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On International Rhino Day, we celebrate these magnificent creatures and mourn those we have lost to



If you know someone who uses rhino horn, you have a moral obligation to speak up. You need to let them know that what they are doing is wrong.

If you don't speak up, you are complicit in their crimes. You are helping to kill rhinos. So what are you waiting for? Talk to your friend, family member, or colleague. Tell them to stop using rhino horns. If they don't listen, then disassociate yourself from them. You don't want to be associated with someone who is so cruel and selfish.


As of 2023, there are an estimated 27,000 rhinos left in the wild. The black, Javan, and Sumatran rhinos are all critically endangered, with fewer than 6,000 individuals left of each species. The greater one-horned rhino is vulnerable, with around 3,700 individuals left. The white rhino is the only rhino species that is not endangered, with around 18,000 individuals left.


The last rhino to go extinct was the western black rhinoceros. The last known individual was a female who was shot and killed in Cameroon in 2006. The western black rhinoceros was once widespread in West Africa, but its population declined rapidly due to poaching and habitat loss.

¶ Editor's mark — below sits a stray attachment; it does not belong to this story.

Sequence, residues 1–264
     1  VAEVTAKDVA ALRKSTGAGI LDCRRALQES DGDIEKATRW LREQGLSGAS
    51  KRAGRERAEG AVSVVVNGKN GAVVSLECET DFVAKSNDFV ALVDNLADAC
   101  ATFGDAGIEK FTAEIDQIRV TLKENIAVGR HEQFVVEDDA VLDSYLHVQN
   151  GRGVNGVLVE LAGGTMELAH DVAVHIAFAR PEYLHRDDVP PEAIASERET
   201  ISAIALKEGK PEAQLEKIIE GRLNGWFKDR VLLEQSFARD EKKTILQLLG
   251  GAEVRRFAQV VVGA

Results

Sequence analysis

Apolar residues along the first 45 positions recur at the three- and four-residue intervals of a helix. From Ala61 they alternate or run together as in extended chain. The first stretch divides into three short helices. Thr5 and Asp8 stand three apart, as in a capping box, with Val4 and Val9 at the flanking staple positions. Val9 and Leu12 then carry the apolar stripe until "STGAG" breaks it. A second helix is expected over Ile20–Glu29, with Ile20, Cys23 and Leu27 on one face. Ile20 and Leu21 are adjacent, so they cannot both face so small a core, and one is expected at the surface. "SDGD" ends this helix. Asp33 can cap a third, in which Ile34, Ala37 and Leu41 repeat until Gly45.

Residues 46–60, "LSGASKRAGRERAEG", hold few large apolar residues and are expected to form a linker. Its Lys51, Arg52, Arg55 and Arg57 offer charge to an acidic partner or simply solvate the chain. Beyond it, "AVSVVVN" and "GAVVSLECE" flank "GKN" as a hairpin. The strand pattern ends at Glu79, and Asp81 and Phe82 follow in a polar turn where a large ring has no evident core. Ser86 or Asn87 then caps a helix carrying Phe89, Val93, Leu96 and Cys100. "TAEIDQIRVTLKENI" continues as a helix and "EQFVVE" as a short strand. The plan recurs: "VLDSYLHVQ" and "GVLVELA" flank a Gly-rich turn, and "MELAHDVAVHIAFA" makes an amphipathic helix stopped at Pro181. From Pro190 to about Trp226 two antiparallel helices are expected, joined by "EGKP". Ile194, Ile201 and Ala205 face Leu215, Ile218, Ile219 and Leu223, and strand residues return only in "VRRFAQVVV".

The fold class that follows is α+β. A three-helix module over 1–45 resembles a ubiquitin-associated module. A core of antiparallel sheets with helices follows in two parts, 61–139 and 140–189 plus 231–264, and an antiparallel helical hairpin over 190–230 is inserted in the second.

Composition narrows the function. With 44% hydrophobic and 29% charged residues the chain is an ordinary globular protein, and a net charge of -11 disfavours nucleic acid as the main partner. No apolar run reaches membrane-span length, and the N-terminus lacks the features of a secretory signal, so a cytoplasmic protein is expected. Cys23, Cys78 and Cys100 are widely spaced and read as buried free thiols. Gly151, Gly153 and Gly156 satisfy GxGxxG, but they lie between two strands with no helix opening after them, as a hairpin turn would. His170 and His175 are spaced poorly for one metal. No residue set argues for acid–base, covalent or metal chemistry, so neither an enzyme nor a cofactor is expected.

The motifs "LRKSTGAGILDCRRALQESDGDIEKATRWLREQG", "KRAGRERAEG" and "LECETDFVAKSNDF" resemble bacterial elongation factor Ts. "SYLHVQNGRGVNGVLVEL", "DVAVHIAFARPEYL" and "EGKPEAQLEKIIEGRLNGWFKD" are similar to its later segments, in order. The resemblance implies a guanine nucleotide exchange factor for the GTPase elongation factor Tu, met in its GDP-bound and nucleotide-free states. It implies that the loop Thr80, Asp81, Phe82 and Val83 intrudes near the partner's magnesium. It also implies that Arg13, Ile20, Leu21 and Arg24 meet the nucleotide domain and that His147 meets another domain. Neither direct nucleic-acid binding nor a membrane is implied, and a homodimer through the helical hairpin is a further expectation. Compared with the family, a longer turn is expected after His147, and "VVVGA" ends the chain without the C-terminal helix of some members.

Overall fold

Other rhino subspecies that have gone extinct in recent years include the Indian Javan rhinoceros (extinct in 1920) and the Vietnamese Javan rhinoceros (extinct in 2011). The northern white rhinoceros is also functionally extinct, with only two females remaining in captivity.


There are five species of rhinos: black, white, greater one-horned, Javan, and Sumatran. Rhinos are the second-largest land mammals in the world, after elephants. They are known for their thick skin, large horns, and massive size.


A report by the Wildlife Justice Commission in 2019 found that the average price for raw rhino horn in Africa is around $2,460 per ounce. However, the price for high-quality rhino horn in Asia can be much higher, with some reports suggesting that it can fetch up to $5,000 per ounce.

The high price of rhino horn is driven by the demand for it in traditional Chinese medicine to treat a variety of ailments, including cancer, hangovers, and impotence. However, there is no scientific evidence to support these claims. Rhino horns are also used as status symbols in some parts of Asia.

Do not tolerate or turn a blind eye to this atrocity. Speak up. Rhinos cannot defend themselves; they rely on us to be their voice. Be a force for change and break the chains of ignorance that perpetuate this vile trade.

Some of my Photos, If you would like a catalogue of my Rhino artworks to view, DM or contact me via my website.


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